in the segment. Determining fewer disparities leads to fewer computations, but results
in a less accurate estimate of the plane parameters. As in other cases of (random)
sampling, we expect the trade-off between the number of samples and the accuracy of
the estimates to be rather gentle: allowing significant speed-ups at a negligible cost in
2.2 Probabilistic processing architecture
The bulk of the stereo vision processing consists of calculating equation 1. The idea is
to implement the related calculations in a specifically designed probabilistic
The proposals of the groups applying for performing this part of the research should
include argumented choices concerning the following issues:
- Different designs are possible of the components that will perform addition /
subtraction / multiplication. One example is that in an adder, all bits can be provided
with the same voltages, or higher voltages can be applied to the higher order bits (as
in the BIVOS approach ). Another example is that instead of variable voltages
and a traditional representation of integers, a different representation of numbers can
be employed in combination with a single voltage for all bits.
- The proposal should clarify which methodology they want to employ. In particular,
it should address the connection between the probabilistic computing architecture and
the stereo vision algorithm. The stereo vision algorithm will be implemented in
MATLAB. In a first possible methodology the work is split in two independent parts.
The hardware group then identifies for each operation in equation 1 the probabilities and types of errors that can occur at different voltages. These errors can then be
modelled in the MATLAB scripts. A second possible methodology would be to
couple the MATLAB stereo vision script with hardware simulator software:
calculations would then be done directly by the simulated hardware. A third possible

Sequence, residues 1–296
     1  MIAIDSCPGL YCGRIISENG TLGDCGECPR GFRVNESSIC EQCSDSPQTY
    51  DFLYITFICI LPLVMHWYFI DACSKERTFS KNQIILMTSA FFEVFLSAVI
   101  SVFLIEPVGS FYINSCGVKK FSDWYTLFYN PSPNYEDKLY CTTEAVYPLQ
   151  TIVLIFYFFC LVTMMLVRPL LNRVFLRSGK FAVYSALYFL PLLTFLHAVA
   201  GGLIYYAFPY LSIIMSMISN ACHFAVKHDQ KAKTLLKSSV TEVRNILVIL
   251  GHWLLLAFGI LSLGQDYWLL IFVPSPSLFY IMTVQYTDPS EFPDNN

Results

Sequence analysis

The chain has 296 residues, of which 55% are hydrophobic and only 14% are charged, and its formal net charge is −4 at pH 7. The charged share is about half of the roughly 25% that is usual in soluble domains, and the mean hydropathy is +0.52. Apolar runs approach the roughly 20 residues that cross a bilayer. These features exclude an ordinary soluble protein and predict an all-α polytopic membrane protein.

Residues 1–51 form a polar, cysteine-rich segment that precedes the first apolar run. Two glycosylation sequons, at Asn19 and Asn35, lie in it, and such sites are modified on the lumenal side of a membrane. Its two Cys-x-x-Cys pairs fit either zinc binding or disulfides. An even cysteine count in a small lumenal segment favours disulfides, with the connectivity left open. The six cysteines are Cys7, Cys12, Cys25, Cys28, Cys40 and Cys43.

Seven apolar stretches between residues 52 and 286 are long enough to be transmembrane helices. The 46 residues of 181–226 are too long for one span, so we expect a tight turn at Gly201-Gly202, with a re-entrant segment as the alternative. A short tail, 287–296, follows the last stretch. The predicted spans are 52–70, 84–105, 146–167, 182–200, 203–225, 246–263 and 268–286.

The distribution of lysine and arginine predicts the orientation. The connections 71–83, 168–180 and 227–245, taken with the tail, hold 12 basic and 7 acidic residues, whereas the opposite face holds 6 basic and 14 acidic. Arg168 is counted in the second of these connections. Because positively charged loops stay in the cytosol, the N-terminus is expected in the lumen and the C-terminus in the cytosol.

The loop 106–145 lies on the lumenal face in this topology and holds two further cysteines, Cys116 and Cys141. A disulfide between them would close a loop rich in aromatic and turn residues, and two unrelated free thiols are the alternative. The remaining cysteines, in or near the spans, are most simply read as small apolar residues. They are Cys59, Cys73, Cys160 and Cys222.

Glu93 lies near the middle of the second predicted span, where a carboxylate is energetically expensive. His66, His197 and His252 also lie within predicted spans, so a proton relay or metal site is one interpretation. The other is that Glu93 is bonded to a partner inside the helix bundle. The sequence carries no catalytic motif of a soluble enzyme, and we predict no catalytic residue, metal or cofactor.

methodology is to have actual hardware in the loop. The first methodology is the
baseline requirement for the study. In any case, the chosen methodology should
provide for a way to compare the amount of energy consumed in a probabilistic and a
- The design should address how the dedicated probabilistic computing parts for
addition / subtraction / multiplication fit within a further non-probabilistic CPU /
DSP. How would they interface and does sending numbers to these dedicated
probabilistic processing components incur additional costs?
3 Study Objectives
The main objectives of this Ariadna study on efficient computing would be:
4 Collaboration with the Advanced Concepts Team of ESA
1. To propose a probabilistic processing architecture that would best fit the
stereo vision algorithm. This requires answering questions like whether the
processing structure should involve both the additions and multiplications
involved in the stereo vision algorithm, etc.
2. To evaluate the energy efficiency gained by employing the probabilistic
processing structure, and analyse its relation to the performance (in terms
of the probability and size of the calculation errors and in terms of the 3D
3. To perform a preliminary investigation on the influence of radiation
particles on the calculations performed at lower voltages.
The study is addressed at a research group with knowledge of probabilistic
computing. The research will be conducted in close cooperation with ACT
The ACT will contribute to the research project the knowledge of stereo vision
algorithms, including the necessary code. This will constitute the basis for exploring
the way in which probabilistic computing can be applied. It is expected that analysis
from a probabilistic computing point of view could lead to adjustments of the stereo
vision algorithm. The end goal of the interaction should be a stereo vision algorithm
that in combination with a probabilistic computing architecture should exploit the
trade-off between energy and reconstruction result as well as possible.